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REVIEW ‘Hello Again’ sings and sins again intimately

Hello1032111_optSexy Michael John LaChiusa musical reveals its charms up close and personal

BY MICHAEL SOMMERS
NEWJERSEYNEWSROOM.COM
OFF BROADWAY REVIEW

Transport Group lately has been staging shows in special circumstances. Its revival of “The Boys in the Band” bitched away in a fully-finished replica of a ‘60s penthouse, with viewers seated around the living room.

Viewers find themselves at even closer finger-tip reach of the players in Transport Group’s revival of “Hello Again,” which opened Sunday in a fourth floor loft space at 52 Mercer Street in SoHo.

So be prepared to become a voyeur because sex and its emotional urges drive Michael John LaChiusa’s provocative 1994 musical. Bare butts and breasts pop up practically in your face in the very up-close and personal situation of the production staged by Jack Cummings III.

The long, low, shadowy loft – white tin ceiling, a scattering of columns — is decorated with gilt-framed mirrors. The audience is seated on motley chairs surrounding ten white tables that more or less face a central bed (with a mirror above that). A seven-member musical ensemble flanks one side of the room.

Inspired by Schnitzler’s “La Ronde,” the musical relates ten different sexual encounters, each happening in a different decade of the 20th century, with the music elegantly reflecting the sounds of those eras.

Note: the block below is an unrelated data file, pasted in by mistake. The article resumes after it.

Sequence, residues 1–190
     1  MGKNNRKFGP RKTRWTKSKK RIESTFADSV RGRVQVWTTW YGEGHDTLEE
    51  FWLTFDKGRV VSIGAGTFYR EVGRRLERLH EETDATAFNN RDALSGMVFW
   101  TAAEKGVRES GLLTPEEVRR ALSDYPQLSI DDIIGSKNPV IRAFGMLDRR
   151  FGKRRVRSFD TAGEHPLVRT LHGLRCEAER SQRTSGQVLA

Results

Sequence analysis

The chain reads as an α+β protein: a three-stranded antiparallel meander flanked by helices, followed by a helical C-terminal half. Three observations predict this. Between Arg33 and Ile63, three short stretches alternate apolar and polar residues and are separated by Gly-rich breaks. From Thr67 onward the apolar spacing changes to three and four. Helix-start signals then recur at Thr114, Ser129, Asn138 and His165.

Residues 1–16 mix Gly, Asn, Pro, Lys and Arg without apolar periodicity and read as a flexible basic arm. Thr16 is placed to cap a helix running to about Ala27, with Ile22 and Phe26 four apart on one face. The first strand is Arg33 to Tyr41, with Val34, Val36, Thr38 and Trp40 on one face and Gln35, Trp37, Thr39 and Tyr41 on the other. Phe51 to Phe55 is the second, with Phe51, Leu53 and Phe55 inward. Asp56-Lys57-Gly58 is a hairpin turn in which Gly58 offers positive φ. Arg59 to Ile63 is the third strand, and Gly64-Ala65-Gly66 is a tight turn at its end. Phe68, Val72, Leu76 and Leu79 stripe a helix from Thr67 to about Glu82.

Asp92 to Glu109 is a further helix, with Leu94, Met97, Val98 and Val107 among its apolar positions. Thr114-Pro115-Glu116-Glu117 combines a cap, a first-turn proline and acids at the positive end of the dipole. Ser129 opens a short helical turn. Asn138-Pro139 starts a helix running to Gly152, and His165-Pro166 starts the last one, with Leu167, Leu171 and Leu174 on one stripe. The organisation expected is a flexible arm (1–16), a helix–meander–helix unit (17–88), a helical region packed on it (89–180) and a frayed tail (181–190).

LaChiusa mixes up the march of time so that, for instance, the 1930s tryst of a guilt-stricken Young Wife (Alexandra Silber) and an overeager College Boy (Robert Lenzi) in a movie palace – amid explosions of popcorn during a Fred-and-Ginger epic — is then followed by the mid-1950s encounter between the Young Wife (Silber again) and her preoccupied Husband (Bob Stillman) in their bedroom.

The next episode, between the Husband (Stillman) and a coy Young Thing (Blake Daniel), occurs in a stateroom aboard the Titanic and features a seductive tango redolent of the 1912 palm court epoch.

While the bed is sometimes used as a playground, often the actors cavort or seemingly couple upon one of those tables. Crooning the title number, a slow and haunting waltz, a pensive Whore (Nikka Graff Lanzarone) wends her way around the room at the beginning and conclusion of the 105-minute show.

Hello2032111_optUsually melancholy in nature – with a number of funny moments — “Hello Again” is a sophisticated work of musical theater that neither suffers nor seems particularly enhanced by Transport Group’s extremely intimate treatment. It’s nice to hear LaChiusa’s often lovely score performed without any amplification.

Aptly dressed or undressed in period clothes by designer Kathryn Rohe, Cummings’ fine 10-member ensemble is composed of good-looking, gifted individuals who nonchalantly brush by viewers. Along with the previously mentioned actors, who do well by their roles, Jonathan Hammond is notably intense and rueful during the disco-infused 1970s segment and Elizabeth Stanley strikingly depicts contrasting kinds of nurses – one sorrowful, the other saucy – from other eras.

Variations on “I should have met you in some other time” run through these decades and while these fly-on-the-wall circumstances may disconcert some spectators, there’s no time like the present to encounter such a well-performed rendition of LaChiusa’s time-tripping study in carnal knowledge.

“Hello Again” continues through April 3 at 52 Mercer St., New York. Call (212) 564-0333 or visit www.transportgroup.org.

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